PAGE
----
Or – “People Keep Telling Me This Is Good…”
I’m always fascinated by the weird things that comic fans say. I was recently told that I HAD to pick up this book because, and I quote, “It’s X-Men and it’s finally good again!” The thought process seemed to be that if I wasn’t reading X-Men, it was only because I didn’t REALIZE that the titles were in an upswing, and that there was no possible way that I wouldn’t want to jump onboard this title if it was in any way readable. ReGenesis has seemed to be just another sales gimmick to me, but I figured, at the very least, it was worth giving the new paradigm a look…
WOLVERINE & X-MEN #3
Writer: Jason Aaron
Pencilers: Chris Bachal0/Duncan Rouleau/Matteo Scalera
Inkers: Tim Townsend/Jaime Mendoze/Al Vey/Mark Irwin/Victor Olazaba/Duncan Rouleau/Matteo Scalera
Colorists: Chris Bachalo & Jason Keith
Letterer: Rob Steen
Editor: Nick Lowe
Publisher: Marvel Comics
Previously, in Wolverine & The X-Men: A rift in the X-Men has once again led to different teams of mutants with different agendas and different leadership. This branch of the team has returned to Westchester, the X-Men’s ancestral home, under the leadership of James “Wolverine” Howlett. With the assistance of some of the most tenured X-Men, Wolverine has chosen to return the concept to that of a school, and has named it for Jean Grey, the X-Men’s ceremonial martyr. Will the ultimate loner/samurai/ninja/biker hero be able to get it together and play headmaster, or are we just waiting for this new school to blow up like the last?(Actually, can’t it be both?)
AN ART TEAM THAT OUTNUMBERS THE SUPER-TEAM…
The cover art struck me as quite attractive, which is why the sight of the first page, with its not-quite-successful aping of the art of Chris Bachalo, bugged me so much. Bachalo himself has the ability to make anyone look like a pre-teen with a huge head, and the sight of Captain America and Wolverine in the prologue struck all the wrong notes for me (especially Cap’s bucket helmet and huge chinstrap.) Still, there’s a ray of hope here, as their discussion lampshades the fact that Quentin Quire is a hugely dangerous sociopath, and even advises that Captain America and the Avengers will be ready to step in should Wolverine’s stewardship of Kid Omega fall apart. Cut to the present, as the living island Krakoa has attacked the Jean Grey School and made mincemeat of the campus, while another villain has transformed the state inspectors into monsters. It’s a quick story, with some nice dialogue (Quire’s absolute dismay that his fellow students don’t already know and fear him is priceless) and even the presence of an alien called “Kid Gladiator” can’t kill the infectious fun.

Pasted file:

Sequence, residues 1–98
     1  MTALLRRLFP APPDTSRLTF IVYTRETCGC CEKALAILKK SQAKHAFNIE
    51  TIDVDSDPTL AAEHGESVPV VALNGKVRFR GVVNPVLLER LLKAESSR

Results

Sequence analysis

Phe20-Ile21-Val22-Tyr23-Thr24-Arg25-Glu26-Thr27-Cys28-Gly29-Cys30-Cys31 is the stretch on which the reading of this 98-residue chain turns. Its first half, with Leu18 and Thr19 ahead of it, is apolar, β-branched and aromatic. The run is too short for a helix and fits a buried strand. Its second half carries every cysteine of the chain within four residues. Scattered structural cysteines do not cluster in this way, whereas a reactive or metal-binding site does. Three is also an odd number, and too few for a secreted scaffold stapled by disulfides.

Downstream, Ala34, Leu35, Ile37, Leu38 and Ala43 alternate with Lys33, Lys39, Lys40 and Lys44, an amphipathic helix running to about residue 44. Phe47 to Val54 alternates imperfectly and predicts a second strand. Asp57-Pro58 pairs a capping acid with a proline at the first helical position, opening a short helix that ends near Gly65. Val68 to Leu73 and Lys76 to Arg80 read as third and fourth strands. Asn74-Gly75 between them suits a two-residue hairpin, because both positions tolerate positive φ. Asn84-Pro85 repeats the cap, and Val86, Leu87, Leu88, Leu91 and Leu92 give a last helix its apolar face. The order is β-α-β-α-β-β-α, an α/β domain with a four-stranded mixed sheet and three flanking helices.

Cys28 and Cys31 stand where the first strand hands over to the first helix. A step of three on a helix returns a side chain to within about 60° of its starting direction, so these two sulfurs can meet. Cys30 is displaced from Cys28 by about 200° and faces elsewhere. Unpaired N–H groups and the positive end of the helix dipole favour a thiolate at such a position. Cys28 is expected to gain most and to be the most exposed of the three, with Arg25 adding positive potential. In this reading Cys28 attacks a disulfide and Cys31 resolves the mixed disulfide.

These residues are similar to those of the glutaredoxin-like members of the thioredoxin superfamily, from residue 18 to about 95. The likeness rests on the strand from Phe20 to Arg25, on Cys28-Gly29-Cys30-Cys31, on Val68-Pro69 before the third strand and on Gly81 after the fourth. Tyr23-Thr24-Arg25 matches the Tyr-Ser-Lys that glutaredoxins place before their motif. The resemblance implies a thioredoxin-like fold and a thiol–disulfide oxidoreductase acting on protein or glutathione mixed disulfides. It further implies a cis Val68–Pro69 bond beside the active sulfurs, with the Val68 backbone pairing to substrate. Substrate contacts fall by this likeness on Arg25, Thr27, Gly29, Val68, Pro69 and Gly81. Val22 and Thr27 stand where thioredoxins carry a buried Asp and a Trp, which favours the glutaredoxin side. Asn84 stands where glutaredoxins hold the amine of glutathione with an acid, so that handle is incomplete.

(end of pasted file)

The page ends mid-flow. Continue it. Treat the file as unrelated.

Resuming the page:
…BUT THEN, THEY SURPRISE ME.
The Beast is here, Wolverine is here, Kitty Pryde is here, and there are myriad references to Claremont-era Shi’ar storylines, but all of this coalesces into something entirely different as the team struggles with their attackers just long enough for Quentin Quire to make his move. One telepathic conversation later, and Jason Aaron has turned the whole story on it’s head, and impressed the hell out of me. I’m not gonna ruin the fun for anybody who hasn’t read the issue, but it was a moment that makes perfect sense AND changes the nature of this X-Men team immediately. The rest of the issue proceeds organically from that moment, and even the inconsistent attempts to ape a single artist can’t torpedo it. There’s even a nice Maggott reference, which makes me think that this book is aimed at lapsed X-Men fans of Rodrigo’s vintage as much as lapsed fans of my own, and to tell the truth, it might successfully be able to serve both groups.
THE VERDICT: AN INTRIGUING START.
I expected that this book would be well-done after all the people I’ve had recommend it to me, but what I didn’t expect was to like Quentin Quire. Or, for that matter, to like Wolverine shoe-horned into a leadership role… But both decisions work well here, and Jason Aaron does great work with all the supporting cast, even in the quick-hits that come in and around the big battle. Had the art been more consistent (or, to be honest, had it been inconsistent in a different style), this one would have been a must-have issue for me. I’m not a particular fan of Chris Bachalo on superhero titles, though I loved him on Shade, The Changing Man, back in the day, and having half a dozen people ape his style takes a lot away from the storytelling in this issue. In the final analysis, though, Wolverine & The X-Men #3 does the trick for me, living up to the hype and earning a well-deserved 4 out of 5 stars overall.
Faithful Spoilerite Question Of The Day: Where is Professor X in all this ReGenesizing?